Martin Scorsese’s contribution to the 1989 anthology filmNew York Storiescleverly acknowledged its director’s digression from the kind of wise guy theme for which he was, fairly or not, becoming known. The credit sequence ofLife Lessons, his story of the relationship between two painters set in the somewhat rarefied New York City art world of the 1980s, runs over the image of “splattered” paint. This splatter simultaneously references the kind of visceral process-painting (à la Jackson Pollock) executed by the film’s protagonist, painter Lionel Dobie (Nick Nolte), and the kind of viscera associated with “execution” of a different...

  11. CHAPTER 7 Dirty Pictures, Mud Lust, and Abject Desire: Myths of Origin and the Cinematic Object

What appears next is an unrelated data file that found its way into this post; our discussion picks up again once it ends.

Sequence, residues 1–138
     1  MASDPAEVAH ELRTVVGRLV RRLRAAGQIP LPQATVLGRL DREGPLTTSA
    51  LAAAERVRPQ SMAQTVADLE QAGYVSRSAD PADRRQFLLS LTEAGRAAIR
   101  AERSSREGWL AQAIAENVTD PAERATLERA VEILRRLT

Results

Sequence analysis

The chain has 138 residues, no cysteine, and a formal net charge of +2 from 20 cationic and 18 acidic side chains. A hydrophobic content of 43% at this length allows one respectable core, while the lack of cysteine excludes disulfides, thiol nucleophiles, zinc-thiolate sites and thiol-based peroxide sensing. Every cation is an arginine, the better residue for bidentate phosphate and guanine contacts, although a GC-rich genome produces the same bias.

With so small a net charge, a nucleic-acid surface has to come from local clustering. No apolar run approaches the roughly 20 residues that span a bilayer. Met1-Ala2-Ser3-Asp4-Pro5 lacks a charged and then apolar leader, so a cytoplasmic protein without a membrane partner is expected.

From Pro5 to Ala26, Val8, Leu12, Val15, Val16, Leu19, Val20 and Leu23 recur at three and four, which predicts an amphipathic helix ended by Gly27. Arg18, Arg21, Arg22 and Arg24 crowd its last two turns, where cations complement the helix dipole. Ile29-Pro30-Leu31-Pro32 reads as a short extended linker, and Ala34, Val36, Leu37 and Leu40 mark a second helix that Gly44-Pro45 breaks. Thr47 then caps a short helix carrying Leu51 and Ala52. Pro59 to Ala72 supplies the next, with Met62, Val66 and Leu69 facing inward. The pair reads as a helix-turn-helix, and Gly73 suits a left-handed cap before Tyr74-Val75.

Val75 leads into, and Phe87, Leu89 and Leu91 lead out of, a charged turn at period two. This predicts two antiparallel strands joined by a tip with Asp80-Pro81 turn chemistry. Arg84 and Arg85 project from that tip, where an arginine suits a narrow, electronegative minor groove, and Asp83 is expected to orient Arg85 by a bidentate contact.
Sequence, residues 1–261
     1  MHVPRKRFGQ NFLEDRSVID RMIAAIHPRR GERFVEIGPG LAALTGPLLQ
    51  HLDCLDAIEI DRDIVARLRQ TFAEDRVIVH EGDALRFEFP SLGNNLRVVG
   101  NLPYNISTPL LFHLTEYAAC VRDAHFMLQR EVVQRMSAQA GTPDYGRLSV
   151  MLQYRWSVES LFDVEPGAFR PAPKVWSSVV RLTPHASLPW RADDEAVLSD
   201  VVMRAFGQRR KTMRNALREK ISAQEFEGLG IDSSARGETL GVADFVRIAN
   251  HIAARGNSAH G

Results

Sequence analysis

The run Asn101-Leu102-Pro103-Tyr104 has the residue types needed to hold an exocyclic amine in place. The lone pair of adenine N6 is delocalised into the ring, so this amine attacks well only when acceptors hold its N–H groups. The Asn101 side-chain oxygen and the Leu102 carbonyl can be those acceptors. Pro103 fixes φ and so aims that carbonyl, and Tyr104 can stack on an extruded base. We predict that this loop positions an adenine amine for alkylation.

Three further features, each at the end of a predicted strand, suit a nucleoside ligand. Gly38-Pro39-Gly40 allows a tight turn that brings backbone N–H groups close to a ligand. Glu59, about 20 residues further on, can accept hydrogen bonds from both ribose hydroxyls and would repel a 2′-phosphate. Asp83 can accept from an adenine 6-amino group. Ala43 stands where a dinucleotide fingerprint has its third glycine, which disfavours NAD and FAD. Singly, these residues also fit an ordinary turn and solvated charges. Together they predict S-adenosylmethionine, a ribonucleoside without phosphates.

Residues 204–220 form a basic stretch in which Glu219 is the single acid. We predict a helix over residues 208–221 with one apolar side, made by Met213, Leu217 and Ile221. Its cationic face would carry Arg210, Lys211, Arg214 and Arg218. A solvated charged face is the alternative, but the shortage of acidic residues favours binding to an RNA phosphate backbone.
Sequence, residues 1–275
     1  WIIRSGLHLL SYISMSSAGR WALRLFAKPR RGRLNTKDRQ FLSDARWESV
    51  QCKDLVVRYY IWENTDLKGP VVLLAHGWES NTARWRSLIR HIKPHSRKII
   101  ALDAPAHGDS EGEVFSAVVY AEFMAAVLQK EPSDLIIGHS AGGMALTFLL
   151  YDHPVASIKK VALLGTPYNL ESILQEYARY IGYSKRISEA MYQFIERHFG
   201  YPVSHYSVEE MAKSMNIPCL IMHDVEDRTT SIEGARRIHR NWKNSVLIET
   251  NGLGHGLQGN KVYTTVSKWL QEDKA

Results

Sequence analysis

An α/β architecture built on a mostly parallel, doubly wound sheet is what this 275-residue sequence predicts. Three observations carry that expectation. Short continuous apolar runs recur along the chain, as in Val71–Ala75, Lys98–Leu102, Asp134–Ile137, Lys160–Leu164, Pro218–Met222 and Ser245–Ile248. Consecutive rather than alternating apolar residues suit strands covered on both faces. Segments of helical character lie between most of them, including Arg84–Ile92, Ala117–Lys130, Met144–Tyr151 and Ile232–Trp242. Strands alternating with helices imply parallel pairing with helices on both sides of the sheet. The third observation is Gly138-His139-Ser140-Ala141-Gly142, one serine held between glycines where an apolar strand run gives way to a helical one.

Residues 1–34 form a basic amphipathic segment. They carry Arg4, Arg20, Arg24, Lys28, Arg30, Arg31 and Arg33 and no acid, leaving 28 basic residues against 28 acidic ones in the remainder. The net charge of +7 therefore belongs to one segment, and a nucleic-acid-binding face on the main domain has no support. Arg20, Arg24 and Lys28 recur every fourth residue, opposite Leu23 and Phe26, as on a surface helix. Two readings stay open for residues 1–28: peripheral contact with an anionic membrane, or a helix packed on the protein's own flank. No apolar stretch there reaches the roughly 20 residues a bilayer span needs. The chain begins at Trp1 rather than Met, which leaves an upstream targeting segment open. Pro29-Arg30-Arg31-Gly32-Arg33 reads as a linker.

(pp. 140-158)

    If it is interesting to contemplate the ways in which the representation of art in films tends to allegorize the medium as art, and the way in which the artist figure tends to constitute either a self-portrait or a kind of negative version thereof, then it might be doubly interesting to consider the representation of artist couples in film. The sexual relationship between two artists offers another permutation in cinematic self-reflection. In three contemporary films—Artemisia(1997),Camille Claudel(1988), andLife Lessons(1989)—not only are art and artistic process thematized, but cinema (the one art, according to André...

  12. Notes
    (pp. 159-178)
  13. Bibliography
    (pp. 179-188)
  14. Index
    (pp. 189-199)